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Commentary by Ivan M. Granger
This short verse from The Lord of the Rings is pronounced by the wizard Gandalf about the ominous figure called Strider, later known as Aragorn. Where all the world sees a rough, wild forest bandit, Gandalf knows the truth about the inner man, that he is, in fact, the last in a line of ancient kings. Aragorn is the rightful king of the realm.
Not all those who wander are lost
I've seen this line quoted on bumper stickers (though I have yet to see it on high status car, like a Mercedes Benz!). Don't you feel something in yourself responding to this line? Maybe it gives all, with our sometimes meandering lives, a sense of redemption and an awareness of hidden purpose.
At the beginning of The Lord of the Rings, Aragorn is a ranger, an armed man who travels alone through forests and wild places. The village folk, not knowing who he really is, assume he is untrustworthy, a meandering ruffian with no good purpose -- he is a wanderer.
While it's true that he will eventually become king, he is not yet ready to assume the role at the beginning of the story. He does not know or trust his own character. So he has spent his early years in the wilds, a solitary warrior facing shadowy foes. But it is precisely because of his years of wandering that he is ready to be king when the time comes. His wandering is what has tested his will, strengthened his spirit, broadened his knowledge, and taught him how to find pathways in unknown lands.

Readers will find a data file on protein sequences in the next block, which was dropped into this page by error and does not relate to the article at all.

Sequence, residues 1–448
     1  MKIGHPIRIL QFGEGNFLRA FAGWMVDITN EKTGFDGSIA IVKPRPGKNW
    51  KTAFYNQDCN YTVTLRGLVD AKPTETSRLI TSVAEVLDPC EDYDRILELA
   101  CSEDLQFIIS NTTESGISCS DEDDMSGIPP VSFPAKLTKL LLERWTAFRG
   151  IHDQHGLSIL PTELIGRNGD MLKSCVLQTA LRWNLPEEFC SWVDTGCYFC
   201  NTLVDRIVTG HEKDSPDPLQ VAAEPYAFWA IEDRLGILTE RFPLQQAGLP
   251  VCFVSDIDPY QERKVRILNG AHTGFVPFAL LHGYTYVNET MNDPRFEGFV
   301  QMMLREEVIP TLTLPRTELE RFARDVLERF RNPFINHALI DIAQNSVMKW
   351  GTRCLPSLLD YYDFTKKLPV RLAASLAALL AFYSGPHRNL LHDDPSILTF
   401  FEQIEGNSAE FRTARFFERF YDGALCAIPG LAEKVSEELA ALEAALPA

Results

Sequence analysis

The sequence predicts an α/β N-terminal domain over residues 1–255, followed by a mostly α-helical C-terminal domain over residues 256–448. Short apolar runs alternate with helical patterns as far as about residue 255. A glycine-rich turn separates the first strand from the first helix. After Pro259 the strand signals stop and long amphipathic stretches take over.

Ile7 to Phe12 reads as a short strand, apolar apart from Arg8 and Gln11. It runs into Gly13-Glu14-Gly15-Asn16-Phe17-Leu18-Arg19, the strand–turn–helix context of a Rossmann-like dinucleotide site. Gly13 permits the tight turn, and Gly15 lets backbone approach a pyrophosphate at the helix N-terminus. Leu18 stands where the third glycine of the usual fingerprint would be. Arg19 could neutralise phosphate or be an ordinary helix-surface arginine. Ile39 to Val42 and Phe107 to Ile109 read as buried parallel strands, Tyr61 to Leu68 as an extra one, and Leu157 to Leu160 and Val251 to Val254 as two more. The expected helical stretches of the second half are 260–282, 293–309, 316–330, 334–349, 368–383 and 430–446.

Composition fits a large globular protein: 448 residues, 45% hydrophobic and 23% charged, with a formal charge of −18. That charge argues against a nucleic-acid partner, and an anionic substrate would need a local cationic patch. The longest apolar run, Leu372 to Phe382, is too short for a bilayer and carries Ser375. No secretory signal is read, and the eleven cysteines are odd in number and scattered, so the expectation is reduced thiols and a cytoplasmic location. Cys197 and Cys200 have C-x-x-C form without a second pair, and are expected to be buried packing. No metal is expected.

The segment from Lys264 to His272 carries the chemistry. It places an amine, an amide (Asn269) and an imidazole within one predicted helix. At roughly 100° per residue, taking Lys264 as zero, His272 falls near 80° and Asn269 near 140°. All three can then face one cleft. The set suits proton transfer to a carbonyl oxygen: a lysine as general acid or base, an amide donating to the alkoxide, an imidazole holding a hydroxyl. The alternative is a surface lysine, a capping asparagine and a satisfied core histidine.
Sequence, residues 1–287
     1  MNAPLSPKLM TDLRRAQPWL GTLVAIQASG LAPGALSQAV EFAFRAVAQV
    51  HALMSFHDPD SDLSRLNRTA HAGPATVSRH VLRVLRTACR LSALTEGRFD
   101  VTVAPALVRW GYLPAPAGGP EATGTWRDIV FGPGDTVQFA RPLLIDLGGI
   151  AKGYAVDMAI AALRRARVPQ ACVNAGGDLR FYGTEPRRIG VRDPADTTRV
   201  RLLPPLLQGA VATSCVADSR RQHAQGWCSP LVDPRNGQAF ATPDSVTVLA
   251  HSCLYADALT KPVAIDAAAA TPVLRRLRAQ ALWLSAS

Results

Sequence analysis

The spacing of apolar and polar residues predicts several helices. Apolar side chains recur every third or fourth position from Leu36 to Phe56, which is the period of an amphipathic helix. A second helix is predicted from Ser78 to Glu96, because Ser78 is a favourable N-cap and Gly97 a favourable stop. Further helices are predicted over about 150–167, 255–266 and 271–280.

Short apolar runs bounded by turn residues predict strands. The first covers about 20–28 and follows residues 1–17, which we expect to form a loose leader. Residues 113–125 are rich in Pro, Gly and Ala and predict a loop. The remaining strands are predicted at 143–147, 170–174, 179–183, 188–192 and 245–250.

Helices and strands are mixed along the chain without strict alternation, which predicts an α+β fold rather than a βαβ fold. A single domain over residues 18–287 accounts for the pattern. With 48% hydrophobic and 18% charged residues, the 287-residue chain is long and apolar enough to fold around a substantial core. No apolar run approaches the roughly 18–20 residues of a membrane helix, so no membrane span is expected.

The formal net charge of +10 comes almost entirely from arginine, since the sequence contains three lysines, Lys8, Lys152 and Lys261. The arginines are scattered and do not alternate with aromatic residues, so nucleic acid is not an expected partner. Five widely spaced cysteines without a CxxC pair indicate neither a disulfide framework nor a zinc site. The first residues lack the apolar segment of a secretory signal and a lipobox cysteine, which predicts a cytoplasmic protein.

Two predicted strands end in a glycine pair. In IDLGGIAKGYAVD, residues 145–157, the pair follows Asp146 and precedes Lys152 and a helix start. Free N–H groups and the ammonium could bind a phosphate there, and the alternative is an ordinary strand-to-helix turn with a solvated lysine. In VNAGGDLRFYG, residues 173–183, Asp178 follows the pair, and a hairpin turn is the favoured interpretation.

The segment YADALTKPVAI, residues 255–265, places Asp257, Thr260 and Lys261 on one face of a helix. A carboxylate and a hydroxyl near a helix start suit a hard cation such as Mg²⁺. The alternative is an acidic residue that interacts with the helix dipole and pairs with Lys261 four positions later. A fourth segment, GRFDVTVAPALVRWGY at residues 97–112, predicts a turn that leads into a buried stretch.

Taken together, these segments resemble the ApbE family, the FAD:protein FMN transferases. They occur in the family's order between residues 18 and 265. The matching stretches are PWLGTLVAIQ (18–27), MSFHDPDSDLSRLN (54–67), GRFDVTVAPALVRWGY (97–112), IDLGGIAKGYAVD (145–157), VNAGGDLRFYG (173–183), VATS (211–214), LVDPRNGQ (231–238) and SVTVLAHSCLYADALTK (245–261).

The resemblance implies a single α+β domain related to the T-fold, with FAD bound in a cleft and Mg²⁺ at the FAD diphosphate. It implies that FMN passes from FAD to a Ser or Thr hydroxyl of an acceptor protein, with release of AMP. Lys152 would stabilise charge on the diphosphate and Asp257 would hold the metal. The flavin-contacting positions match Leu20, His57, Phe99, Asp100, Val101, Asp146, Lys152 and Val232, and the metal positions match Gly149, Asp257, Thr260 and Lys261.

Early in life we fix on a goal, dream a dream, hear a calling, but the path to achievement is never without turns and switchbacks. If, day after day, we walk the same straight path, then it is certain we are lost. The direct road is rarely the right one. Here's a lesson even the wise find troublesome: To reach the goal, we must be willing to lose sight of it in the world, while ever holding it close to the heart. Every hero with a great destiny understands this on some instinctive level. And every good storyteller knows why: The purpose of the journey is never simply to reach the destination; the journey exists to test and strengthen the hero. Without disorientation and hardship along the way, the hero will not be ready. The journey makes the hero, not the destination.
A good reminder for all of us as we courageously step out into the day...
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M. Granger's original poetry, stories and commentaries are Copyright ©
2002 - 2011 by Ivan M. Granger.
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